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Top 5 Resources for Video Production Tutorials

in Category: Blog, Tutorials | by Videvo

As a content creator, video tutorials are at times necessary tools in perfecting one’s work, or getting past the technical road bumps that always seem to occur. That’s where video tutorials come in — they provide users with quality information, easily understood instruction, and valuable visual aid to create a seemingly hands-on experience through a virtual screen.

Below, we have highlighted five of the best websites that provide creators with these tools. Hopefully you will find these useful in perfecting your own video projects!


 

1. Lynda.com

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Lynda.com is an extensive resource for online courses, each containing a large number of high-quality, professional video tutorials. It includes a variety of categories for you to choose from, its specialities being web coding/development, graphic design, web design, photography, business, education, 3D animation, video production, and audio/music production. Although this seems like a broad selection of content, each colorful block on its homepage will direct you to very specific, detailed content relative to the subject manner.

For those of you interested in video production specifically, Lynda’s tutorials are neatly categorized to fit your skill level (beginner, intermediate, advanced, or even an “appropriate for all” section), as well as divided by video software (After Effects, Premiere, Final Cut, etc.) and topics (filmmaking, motion graphics, audio for video, color correction, etc.).

Lynda provides users with a 10-day free trial, but to access all content, there is a $25/month (or $250/year) fee. Considering its wide array of content, Lynda provides an affordable price when compared to other high quality tutorial sites out there.

 

2. Vimeo Video School

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A unique feature of Vimeo‘s website, Vimeo Video School provides an array of lessons and video tutorials that specialize solely in film production. Whether you’d like to learn more about camerawork, gear, lighting, on-set shooting, or editing software, Vimeo Video School has you covered. While only Vimeo staff members can create lessons, each includes a variety of different video tutorial “teachers,” or contributors, including Vimeo Plus and PRO users (professionals who pay to use Vimeo services).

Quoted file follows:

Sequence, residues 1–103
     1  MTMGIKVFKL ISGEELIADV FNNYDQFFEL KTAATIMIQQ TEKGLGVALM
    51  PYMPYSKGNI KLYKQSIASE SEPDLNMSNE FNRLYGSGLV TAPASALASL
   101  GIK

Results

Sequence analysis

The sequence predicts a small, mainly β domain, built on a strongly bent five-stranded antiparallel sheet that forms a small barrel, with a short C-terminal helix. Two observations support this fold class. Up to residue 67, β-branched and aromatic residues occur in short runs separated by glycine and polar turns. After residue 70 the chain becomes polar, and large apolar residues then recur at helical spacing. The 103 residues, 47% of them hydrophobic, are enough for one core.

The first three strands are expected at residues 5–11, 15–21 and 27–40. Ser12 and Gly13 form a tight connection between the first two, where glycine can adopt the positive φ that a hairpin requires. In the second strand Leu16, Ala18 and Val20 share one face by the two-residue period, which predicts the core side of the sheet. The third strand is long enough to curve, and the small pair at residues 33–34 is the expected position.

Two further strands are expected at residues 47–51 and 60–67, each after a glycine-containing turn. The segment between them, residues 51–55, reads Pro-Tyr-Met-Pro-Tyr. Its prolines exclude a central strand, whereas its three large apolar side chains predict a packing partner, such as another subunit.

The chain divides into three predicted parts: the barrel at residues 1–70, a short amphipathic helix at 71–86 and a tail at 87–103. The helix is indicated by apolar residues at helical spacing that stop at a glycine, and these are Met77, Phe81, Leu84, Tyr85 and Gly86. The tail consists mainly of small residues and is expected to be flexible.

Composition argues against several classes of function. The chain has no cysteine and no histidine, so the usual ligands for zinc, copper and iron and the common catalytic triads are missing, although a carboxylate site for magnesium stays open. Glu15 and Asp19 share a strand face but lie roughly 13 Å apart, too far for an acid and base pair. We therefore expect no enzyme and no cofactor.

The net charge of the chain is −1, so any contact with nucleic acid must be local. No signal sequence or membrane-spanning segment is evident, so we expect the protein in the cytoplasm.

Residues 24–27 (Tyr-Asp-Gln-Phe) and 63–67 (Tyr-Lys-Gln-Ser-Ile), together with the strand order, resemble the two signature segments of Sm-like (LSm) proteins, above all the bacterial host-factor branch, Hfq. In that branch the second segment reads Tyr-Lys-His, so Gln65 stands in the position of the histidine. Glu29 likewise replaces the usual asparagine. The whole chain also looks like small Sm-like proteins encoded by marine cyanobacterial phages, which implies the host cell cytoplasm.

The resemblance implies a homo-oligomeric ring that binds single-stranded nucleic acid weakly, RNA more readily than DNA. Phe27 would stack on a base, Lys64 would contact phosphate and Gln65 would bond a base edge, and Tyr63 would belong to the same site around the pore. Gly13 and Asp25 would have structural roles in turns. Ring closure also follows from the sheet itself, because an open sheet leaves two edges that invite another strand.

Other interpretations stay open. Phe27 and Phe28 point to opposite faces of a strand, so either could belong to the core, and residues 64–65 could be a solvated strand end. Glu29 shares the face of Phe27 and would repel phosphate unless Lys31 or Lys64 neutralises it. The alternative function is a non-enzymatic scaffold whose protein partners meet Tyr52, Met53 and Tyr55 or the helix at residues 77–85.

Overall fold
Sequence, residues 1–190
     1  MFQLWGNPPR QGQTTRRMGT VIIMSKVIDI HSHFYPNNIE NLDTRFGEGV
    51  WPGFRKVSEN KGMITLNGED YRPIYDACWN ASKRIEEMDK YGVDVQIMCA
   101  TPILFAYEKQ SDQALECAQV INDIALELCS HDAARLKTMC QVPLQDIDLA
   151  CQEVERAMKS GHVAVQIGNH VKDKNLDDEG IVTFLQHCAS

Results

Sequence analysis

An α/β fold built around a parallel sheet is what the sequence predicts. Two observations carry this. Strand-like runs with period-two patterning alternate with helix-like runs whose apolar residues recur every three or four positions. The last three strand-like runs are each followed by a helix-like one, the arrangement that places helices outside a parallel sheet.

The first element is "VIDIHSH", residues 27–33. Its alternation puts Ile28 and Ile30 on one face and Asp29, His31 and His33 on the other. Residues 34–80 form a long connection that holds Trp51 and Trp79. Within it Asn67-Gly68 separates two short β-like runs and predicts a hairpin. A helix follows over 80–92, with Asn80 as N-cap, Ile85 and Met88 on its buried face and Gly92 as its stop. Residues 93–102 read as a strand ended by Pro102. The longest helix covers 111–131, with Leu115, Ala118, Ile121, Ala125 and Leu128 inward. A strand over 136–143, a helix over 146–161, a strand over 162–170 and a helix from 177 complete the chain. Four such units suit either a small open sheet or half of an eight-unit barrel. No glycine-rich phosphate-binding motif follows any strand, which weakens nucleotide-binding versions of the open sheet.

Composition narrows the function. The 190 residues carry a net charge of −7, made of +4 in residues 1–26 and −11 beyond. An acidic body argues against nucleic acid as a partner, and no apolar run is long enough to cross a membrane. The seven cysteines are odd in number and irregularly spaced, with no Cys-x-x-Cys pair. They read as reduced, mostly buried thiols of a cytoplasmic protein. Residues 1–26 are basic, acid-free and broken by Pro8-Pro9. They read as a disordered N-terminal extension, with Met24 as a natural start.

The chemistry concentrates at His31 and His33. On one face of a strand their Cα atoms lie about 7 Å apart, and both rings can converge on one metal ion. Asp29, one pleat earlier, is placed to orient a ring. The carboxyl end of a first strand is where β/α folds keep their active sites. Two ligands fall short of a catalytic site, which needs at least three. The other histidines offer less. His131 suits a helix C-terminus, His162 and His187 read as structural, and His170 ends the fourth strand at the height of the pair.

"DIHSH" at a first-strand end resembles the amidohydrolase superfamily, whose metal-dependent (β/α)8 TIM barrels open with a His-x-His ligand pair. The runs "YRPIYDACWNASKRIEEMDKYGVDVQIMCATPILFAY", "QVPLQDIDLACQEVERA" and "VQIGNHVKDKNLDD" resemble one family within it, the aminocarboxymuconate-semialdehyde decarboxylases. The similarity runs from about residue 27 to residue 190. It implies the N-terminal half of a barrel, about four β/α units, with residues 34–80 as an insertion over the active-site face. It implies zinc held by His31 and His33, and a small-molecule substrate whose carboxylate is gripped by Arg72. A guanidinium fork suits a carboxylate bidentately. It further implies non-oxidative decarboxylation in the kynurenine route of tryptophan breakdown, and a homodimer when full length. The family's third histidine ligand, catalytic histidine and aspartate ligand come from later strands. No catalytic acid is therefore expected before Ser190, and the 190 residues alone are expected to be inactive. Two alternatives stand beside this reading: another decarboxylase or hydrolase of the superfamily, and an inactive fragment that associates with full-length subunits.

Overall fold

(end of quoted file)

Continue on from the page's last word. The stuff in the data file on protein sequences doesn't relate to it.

With so many opportunities to contribute and help out, each section of the schooling site is updated quite frequently. If you have a question about a tutorial’s content or are having trouble figuring out a portion of the lesson, the comments sections usually remain up-to-date, with tutorial authors and other users eager to offer advice.

Vimeo Video School is completely free to use (you don’t even have to sign up!), though if you’d like to contribute tutorials yourself, you’d need to be a Plus or PRO user, which does involve fees.

 

3. Video Copilot

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While Vimeo’s site is specific to general filmmaking, Andrew Kramer’s entertaining yet informative videos on Video Copilot are aimed primarily at After Effects users. It is a reliable, frequently updated source for plug-ins, 3D packs, and tutorials involving motion graphics and visual effects.

While some video tutorials feature free plug-ins, (such as color vibrance and VC reflect), others will link you to files that require fees to access. The online video tutorials themselves are free, but it makes sense that the custom, high-quality plug-ins would involve pricing. You can also purchase tutorial packs, such as The Bullet Tutorial, which offer lessons on specific projects. All of the content is high quality, so if you are seeking professional effects for a project, you know that your money will be well spent on Video Copilot.

 

4. Tuts+

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Tuts+ offers online tutorials in subjects ranging from design/illustration to game development to photo and video. All video courses are created by industry professionals and offer step-by-step instructions and video illustrations of how to go about certain tasks.

While Tuts+ offers free tutorials, these are more article-based, so if you’re seeking video instruction (like the websites mentioned above), you will be more interested in the “Courses” section of the website. You can access trailers for the video lessons to see which fits your interest, but to actually access the premium courses, the cost is a $15/month subscription. There are a number of free courses available on the site as well, which only require you to log in/sign up to view.

 

5. CreativeLive

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Following the trend of an online classroom experience, CreativeLive offers a unique take on the virtual teaching environment by allowing you to view live classes, or lessons occurring in real-time. Topics include photo/video, art/design, music/audio, craft/maker, and money/life. TheFilm & Video section, specifically, is particularly impressive in its video classes that range from guerilla filmmaking to crowdfunding to screenwriting.

CreativeLive is eager to showcase their free content, with the handy “Tip” bar informing you of how there are always free classes displayed in the “Watch Now” list at the top of each page. For others, the prices of each class varies, and you can always read reviews, watch a trailer, or view samples of student work prior to purchasing content.


While all of these video tutorial sites are unique in their own sense, we can hardly pick a favorite. Based on your project needs, however, you should be able to find useful tips in any of these websites, whether you need assistance with planning your project, shooting your footage, lighting scenes, or perfecting audio and visual effects in post-production.